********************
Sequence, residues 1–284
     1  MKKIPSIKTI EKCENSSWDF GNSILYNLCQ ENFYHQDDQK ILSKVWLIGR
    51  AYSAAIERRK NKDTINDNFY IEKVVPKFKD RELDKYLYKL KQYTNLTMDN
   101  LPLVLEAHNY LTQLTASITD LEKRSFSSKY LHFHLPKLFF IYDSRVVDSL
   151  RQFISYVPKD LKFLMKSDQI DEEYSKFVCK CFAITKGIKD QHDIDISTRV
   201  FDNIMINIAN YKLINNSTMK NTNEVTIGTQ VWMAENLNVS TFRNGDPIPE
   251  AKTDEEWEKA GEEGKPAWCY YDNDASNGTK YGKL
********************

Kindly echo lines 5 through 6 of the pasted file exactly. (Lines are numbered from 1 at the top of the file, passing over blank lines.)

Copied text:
   151  RQFISYVPKD LKFLMKSDQI DEEYSKFVCK CFAITKGIKD QHDIDISTRV
   201  FDNIMINIAN YKLINNSTMK NTNEVTIGTQ VWMAENLNVS TFRNGDPIPE